A few weeks ago, in the article about Alpinestars’ 2013 Spring Collection, “karlInSanDiego” left a comment about how difficult it was to determine the appropriate model and size for gear he was interested in purchasing. This little “how-to” will hopefully address those questions and open a dialogue for any hints or tips you may have to share also.
Motorcycle gear is expensive and specialized. Brick and mortar stores cannot afford to keep $200-$1000 jackets from every brand in every size and colorway to have just the one appropriate for you, especially when you only buy a jacket once every few years. Even in California, where so many people ride, there simply aren’t enough bikers in a concentrated area to make keeping all that stuff in stock worth it for a Cyclegear or whoever. They would end up with too much stock left on their shelves and they wouldn’t make enough money to keep the lights on.
Without being able to try it on, how do you know what gear will fit you?
Motorcycle gear also comes in a wide variety of shapes and cuts and ranges from the extremely technical to extremely budget. Each company has their own fit, so you might be a large in one brand, but a medium in another, you may have an Alpinestars body or an ICON body, an AGV-shaped head or a Bell-shaped head. The only way to find out is to try the stuff on but, as mentioned above, most brick and mortar stores don’t carry most of the stuff you really want.
Step 1: Find your sizes
Get a cloth measuring tape and start taking some measurements and record them on your phone or in an email to yourself that you will have with you should you have the chance to try on some gear. Revzilla has some great size charts for various pieces of clothing and it is a good place to start. Know your body and what is important to you when getting gear. For me, it’s always length and I end up going a little large so that the sleeves are (close to) long enough, for you it may be something different. Once you have your measurements, find a store that carries some of the more well known brands and start trying things on. Try and find a leather jacket, a single layer textile jacket, and a winter textile jacket and record your size in each of them. Do so for as many brands as you can, but try and at least get your sizes in one of the major brands like Dainese, Alpinestars, Rev’it, ICON, or Klim. If you are trying on helmets, try and find an Arai, Shoei, Icon, Bell, Schuberth or AGV to try on. If you can’t find a brick and mortar, ask to try on a friend’s gear or go to a motorcycle tradeshow. You’ll find that you fit some brands better than others and that will help guide the purchases you want to make.
If you absolutely can’t find anything, look at your sizes and make your best guess and then buy from Revzilla. They offer free returns and no restock fee (you will have to pay for the shipping back to them) and they will send you another size if you get it wrong. If you were able to find your size in one of the main brands, don’t hesitate to email them and tell them you fit a certain size in one company and wondered how it would translate to a different piece you were looking at. It isn’t ideal, but it’s your best bet for getting the appropriate size in the gear you want. If you plan on wearing the gear a lot and for years to come, I think it’s worth the time to find the right items for you even if it is a hassle. What’s a month invested for a piece of gear that is going to improve your riding experience for 3-5 years? What’s a little labor to ensure your several hundred dollar investment is worth it?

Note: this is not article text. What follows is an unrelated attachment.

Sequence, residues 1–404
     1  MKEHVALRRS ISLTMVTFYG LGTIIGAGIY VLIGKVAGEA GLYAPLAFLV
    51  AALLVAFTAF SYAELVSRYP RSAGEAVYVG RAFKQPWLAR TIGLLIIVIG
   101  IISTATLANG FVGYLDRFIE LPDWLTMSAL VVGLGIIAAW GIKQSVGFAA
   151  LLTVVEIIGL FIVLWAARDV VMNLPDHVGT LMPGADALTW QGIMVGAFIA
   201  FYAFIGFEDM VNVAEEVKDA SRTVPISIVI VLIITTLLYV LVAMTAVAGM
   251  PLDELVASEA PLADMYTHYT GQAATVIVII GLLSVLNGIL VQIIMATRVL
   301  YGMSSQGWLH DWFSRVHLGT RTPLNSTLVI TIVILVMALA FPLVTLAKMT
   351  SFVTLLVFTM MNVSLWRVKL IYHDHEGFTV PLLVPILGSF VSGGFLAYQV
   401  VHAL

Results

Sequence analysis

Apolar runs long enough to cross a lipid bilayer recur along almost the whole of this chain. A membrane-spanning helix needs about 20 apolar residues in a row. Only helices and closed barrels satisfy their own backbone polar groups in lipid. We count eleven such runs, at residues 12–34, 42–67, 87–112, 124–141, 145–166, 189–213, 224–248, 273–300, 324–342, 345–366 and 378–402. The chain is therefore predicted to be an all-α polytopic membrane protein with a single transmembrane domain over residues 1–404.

Step 2: Find the right product
The other problem mentioned was how difficult it was to discern the differences between various pieces of gear. Two items may be identical, but one uses typically-superior Gore-Tex while the other uses that brand’s own waterproof membrane and it may take reading the fine print to find that variation. When I have narrowed my search two 2 or 3 different pieces, I try and compare the features or spec lists from the different products, look at the reviews or comments section from sites like Revzilla, and do a search in any bike related forums. Often times a search like “D-Dry vs Drystar” will lead you to someone else who had the same question and posted it somewhere and you can often find an answer that way.
Consider different materials, the weather where you ride, and how this new piece of gear fits in to the gear you already have. Are you trying for to buy one jacket to wear year round? Do you already have a summer or winter jacket? How will those gloves breathe in summer? Will these winter gloves be warm enough or do I need to look at heated gear? Does that helmet have approrpiate ventilation? Will it fog up during my morning commute?
Buying motorcycle gear is a flawed process. It’s annoying and a pain in the ass, but worth it to find the right fit and features to keep you on the road and riding as safely and comfortably as possible. They key is to try and record your sizes in as many things as possible or be willing to make some educated guesses and possibly exchange some things when you don’t get it quite right.